John Napolitano CFP®, CPA, MST
US Wealth Management Chairman and CEO
Most Americans are conditioned to postpone the payment of income taxes for as long as humanly possible. Yet for some, this desire to postpone could end up costing you more in the long run.
I’m specifically thinking about those who were high earners during their working years. During the first few years of retirement, before your required minimum distributions (RMD’s) kick in, you may feel pretty good about filing tax returns with a very low taxable income and an equally low amount of tax. But that temporary joy could be even better if you extended your tax planning mentality to all of your retirement years, and not just the first few.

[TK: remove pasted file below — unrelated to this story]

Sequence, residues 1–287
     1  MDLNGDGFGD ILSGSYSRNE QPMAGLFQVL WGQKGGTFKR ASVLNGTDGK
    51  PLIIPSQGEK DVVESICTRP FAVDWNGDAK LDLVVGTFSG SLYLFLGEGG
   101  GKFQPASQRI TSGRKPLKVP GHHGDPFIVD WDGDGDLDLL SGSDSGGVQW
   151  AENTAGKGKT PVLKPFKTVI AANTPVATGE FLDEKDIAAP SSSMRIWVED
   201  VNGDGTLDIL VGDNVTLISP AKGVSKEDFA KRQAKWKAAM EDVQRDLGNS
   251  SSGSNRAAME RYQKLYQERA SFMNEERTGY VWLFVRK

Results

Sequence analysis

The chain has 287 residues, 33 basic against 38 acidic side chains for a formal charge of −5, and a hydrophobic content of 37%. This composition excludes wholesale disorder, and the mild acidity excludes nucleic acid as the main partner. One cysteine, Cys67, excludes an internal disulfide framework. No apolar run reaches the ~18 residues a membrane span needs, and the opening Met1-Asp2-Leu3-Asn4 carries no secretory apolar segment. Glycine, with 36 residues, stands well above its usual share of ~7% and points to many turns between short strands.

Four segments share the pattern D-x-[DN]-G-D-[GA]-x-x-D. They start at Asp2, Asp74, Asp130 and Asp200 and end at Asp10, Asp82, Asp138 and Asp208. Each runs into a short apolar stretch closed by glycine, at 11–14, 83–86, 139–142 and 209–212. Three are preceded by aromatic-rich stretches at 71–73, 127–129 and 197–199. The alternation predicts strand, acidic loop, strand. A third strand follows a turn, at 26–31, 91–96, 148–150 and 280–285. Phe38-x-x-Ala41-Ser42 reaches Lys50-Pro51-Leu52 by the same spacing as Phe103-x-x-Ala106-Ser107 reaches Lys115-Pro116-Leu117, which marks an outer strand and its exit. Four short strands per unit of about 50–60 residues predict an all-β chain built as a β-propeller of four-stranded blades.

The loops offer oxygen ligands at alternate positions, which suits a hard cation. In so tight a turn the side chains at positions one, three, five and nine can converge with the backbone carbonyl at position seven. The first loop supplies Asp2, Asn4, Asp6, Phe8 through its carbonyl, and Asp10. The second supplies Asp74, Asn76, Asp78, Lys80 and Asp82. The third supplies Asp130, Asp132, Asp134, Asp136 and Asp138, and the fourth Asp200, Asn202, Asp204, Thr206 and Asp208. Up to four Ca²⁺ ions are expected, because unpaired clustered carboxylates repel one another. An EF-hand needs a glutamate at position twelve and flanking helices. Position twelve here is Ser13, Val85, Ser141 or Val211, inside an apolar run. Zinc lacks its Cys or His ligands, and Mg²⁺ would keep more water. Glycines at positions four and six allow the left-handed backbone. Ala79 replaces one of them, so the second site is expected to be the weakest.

Because of the new tax act, taxable income over approximately $9,500 will be taxed at 12%. That’s a pretty low rate for someone who may be used to paying in excess of 30% in federal taxes. That 12% tax bracket for married couples filing jointly lasts until your taxable income creeps up over $77,400. If you’re likely to be over that amount when you must start taking retirement distributions, this year could be a year when you may consider creating income, but at a lower tax rate. For a retiree, the best way to create income is to withdraw from retirement assets.